Hilar cholangiocarcinoma: Outcomes in a Northern Tertiary Referral Centre


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Abdullah Malik1,Stuart Robinson2,Jeremy French2,Gourab Sen2,Colin Wilson2,John Hammond2,Steven White2,Derek Manas2
1University of Liverpool,2Newcastle upon Tyne Hospitals NHS Foundation Trust



Hilar cholangiocarcinoma (HCCA) is a malignant tumour arising from the bifurcation of the common hepatic duct and has a poor prognosis. Most patients present with unresectable disease. If resectable, an extended hemihepatectomy plus caudate lobe resection is usually required to provide oncological clearance. Developments in patient selection, pre-operative assessment, biliary drainage and liver optimisation via ipsilateral portal vein embolisation (PVE) have improved outcomes. We reviewed outcomes for patients with HCCA managed at our centre.


A retrospective review of patients referred with HCCA over a ten-year period (2007-2017) was undertaken using peri-operative records, pathology reports, discharge notes and clinic letters. The Kaplan-Meier method was used to estimate survival with the log rank test used for significance (p<0.05). Patients were censored for follow-up. Statistical analysis was performed using SPSS version 22.


156 patients with HCCA were identified, confirmed on radiological imaging correlated with CA 19-9. 44 patients underwent resection (extended left n=14, extended right n=28, extra-hepatic bile duct resection n=1, trial dissection n=1). 112 were determined to have unresectable disease. Overall survival (OS) was increased in resected patients compared with non-resected (39.3 ±21.0 versus 9.8 ±3.8months, p<0.001). In patients undergoing resection, margin status (R0 n=11), need for vascular resection (n=11), caudate resection (n=36), PVE (n=11), lymph node positivity (n=19), post-operative bile leak (n=23), microvascular (n=28) and microlymphatic invasion (n=21) did not impact OS (p>0.05). Perineural invasion (n=33) was associated with significantly shorter OS (24.4 versus 55.7 months, p=0.032). The 30-day mortality rate after resection for HCCA was 11.4% (n=5).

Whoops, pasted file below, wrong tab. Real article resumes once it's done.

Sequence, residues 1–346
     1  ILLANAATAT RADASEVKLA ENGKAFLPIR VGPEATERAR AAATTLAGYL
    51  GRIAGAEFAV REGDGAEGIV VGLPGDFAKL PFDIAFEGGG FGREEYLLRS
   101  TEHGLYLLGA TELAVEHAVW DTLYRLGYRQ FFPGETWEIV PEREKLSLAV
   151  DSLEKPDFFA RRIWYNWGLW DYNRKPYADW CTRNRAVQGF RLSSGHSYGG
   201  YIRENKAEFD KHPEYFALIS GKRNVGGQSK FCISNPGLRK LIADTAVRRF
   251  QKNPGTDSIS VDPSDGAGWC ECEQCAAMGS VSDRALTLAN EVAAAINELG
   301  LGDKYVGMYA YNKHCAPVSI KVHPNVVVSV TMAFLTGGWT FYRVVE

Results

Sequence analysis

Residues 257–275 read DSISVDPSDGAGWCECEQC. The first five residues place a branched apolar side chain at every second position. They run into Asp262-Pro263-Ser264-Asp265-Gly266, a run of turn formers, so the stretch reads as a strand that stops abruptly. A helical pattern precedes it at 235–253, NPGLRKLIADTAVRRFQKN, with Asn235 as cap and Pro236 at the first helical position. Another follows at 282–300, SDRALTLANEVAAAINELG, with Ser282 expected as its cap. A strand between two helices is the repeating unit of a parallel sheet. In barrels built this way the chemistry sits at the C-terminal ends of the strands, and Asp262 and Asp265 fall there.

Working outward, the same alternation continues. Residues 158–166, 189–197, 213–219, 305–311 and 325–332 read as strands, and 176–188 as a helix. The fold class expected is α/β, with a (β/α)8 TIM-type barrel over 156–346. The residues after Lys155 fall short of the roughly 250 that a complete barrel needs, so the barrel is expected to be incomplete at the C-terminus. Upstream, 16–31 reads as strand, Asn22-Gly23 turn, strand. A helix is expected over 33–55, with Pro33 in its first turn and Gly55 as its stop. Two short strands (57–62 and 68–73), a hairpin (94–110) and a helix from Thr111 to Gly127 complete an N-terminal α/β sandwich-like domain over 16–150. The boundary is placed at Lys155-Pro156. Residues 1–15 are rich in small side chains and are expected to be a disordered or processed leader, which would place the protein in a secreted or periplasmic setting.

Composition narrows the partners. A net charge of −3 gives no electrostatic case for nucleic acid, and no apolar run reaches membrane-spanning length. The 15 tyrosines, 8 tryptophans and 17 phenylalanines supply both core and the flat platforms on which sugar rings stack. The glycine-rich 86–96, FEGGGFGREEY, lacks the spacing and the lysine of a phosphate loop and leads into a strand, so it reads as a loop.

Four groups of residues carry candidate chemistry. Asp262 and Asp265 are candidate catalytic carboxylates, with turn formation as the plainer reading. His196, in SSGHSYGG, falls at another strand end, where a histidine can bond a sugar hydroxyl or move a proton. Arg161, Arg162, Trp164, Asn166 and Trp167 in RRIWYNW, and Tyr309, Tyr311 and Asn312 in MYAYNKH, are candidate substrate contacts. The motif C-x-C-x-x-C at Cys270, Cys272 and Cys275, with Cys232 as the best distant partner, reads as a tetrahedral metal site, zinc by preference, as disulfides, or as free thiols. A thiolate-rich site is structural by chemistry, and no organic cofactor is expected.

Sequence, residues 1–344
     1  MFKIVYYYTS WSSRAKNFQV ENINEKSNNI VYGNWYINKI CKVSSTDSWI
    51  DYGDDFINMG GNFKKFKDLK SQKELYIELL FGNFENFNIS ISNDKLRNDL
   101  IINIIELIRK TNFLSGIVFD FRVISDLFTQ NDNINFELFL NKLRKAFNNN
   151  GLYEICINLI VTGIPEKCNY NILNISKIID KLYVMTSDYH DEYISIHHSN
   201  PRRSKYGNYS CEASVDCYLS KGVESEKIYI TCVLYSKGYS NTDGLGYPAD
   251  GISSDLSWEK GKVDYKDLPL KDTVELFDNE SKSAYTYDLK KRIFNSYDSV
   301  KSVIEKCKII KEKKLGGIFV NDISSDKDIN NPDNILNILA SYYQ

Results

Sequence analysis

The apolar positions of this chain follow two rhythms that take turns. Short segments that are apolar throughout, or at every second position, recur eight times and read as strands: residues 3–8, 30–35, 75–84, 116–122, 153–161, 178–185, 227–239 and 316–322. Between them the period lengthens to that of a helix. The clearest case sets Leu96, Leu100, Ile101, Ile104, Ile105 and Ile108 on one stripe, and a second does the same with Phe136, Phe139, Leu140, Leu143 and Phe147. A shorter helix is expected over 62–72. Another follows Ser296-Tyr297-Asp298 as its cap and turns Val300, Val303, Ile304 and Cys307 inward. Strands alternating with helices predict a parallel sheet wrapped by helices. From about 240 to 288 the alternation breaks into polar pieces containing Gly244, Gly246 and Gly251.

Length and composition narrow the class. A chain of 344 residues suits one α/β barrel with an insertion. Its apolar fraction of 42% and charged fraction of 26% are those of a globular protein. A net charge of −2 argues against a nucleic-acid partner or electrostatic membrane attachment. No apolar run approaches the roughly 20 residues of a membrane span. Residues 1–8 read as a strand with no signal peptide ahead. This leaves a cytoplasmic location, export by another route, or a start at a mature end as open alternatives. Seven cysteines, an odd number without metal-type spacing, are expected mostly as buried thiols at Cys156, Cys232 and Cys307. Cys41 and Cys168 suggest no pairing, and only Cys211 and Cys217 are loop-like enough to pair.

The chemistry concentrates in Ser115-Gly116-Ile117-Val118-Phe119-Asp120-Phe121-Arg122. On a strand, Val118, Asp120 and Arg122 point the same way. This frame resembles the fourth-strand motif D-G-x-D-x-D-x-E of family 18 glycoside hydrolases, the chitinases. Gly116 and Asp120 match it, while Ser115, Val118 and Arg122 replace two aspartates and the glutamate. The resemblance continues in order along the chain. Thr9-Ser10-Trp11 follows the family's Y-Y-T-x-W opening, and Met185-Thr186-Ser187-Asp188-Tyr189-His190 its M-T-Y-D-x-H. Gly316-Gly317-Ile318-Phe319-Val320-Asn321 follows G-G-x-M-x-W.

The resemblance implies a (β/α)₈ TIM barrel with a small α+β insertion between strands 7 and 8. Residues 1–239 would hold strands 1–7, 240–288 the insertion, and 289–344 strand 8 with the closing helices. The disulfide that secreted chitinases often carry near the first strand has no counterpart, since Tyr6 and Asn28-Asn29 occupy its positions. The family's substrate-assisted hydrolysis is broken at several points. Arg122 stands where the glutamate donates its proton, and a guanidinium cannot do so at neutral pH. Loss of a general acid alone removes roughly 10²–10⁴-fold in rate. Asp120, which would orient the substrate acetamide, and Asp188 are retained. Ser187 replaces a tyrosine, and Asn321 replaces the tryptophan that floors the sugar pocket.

The majority of patients with HCCA had unresectable disease at presentation. Surgery provided superior outcome compared to non-surgical treatment of HCCA, with vascular resection and resection margin having no impact on survival. Therefore in patients with resectable disease we continue to advocate an aggressive approach for surgically treating HCCA.